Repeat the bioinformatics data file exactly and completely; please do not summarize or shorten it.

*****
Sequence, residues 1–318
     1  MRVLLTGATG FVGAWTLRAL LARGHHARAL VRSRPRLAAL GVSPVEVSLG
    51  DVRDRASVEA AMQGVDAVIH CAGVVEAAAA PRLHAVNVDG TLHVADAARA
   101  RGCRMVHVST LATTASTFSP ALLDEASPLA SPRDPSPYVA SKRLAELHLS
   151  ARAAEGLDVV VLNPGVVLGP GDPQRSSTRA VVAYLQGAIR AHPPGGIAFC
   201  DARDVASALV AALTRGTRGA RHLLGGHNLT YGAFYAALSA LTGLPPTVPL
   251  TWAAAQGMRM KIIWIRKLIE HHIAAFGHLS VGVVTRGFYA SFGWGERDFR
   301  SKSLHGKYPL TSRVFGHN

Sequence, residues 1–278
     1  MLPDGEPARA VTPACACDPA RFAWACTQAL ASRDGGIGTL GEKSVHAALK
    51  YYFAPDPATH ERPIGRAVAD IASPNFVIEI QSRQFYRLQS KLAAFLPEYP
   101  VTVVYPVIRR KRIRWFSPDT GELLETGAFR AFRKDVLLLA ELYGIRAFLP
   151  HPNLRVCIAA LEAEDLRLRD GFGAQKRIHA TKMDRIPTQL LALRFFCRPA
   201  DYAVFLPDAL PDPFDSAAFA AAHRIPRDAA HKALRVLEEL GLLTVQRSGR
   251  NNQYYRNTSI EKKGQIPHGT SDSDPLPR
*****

Sequence, residues 1–318
     1  MRVLLTGATG FVGAWTLRAL LARGHHARAL VRSRPRLAAL GVSPVEVSLG
    51  DVRDRASVEA AMQGVDAVIH CAGVVEAAAA PRLHAVNVDG TLHVADAARA
   101  RGCRMVHVST LATTASTFSP ALLDEASPLA SPRDPSPYVA SKRLAELHLS
   151  ARAAEGLDVV VLNPGVVLGP GDPQRSSTRA VVAYLQGAIR AHPPGGIAFC
   201  DARDVASALV AALTRGTRGA RHLLGGHNLT YGAFYAALSA LTGLPPTVPL
   251  TWAAAQGMRM KIIWIRKLIE HHIAAFGHLS VGVVTRGFYA SFGWGERDFR
   301  SKSLHGKYPL TSRVFGHN

Sequence, residues 1–278
     1  MLPDGEPARA VTPACACDPA RFAWACTQAL ASRDGGIGTL GEKSVHAALK
    51  YYFAPDPATH ERPIGRAVAD IASPNFVIEI QSRQFYRLQS KLAAFLPEYP
   101  VTVVYPVIRR KRIRWFSPDT GELLETGAFR AFRKDVLLLA ELYGIRAFLP
   151  HPNLRVCIAA LEAEDLRLRD GFGAQKRIHA TKMDRIPTQL LALRFFCRPA
   201  DYAVFLPDAL PDPFDSAAFA AAHRIPRDAA HKALRVLEEL GLLTVQRSGR
   251  NNQYYRNTSI EKKGQIPHGT SDSDPLPR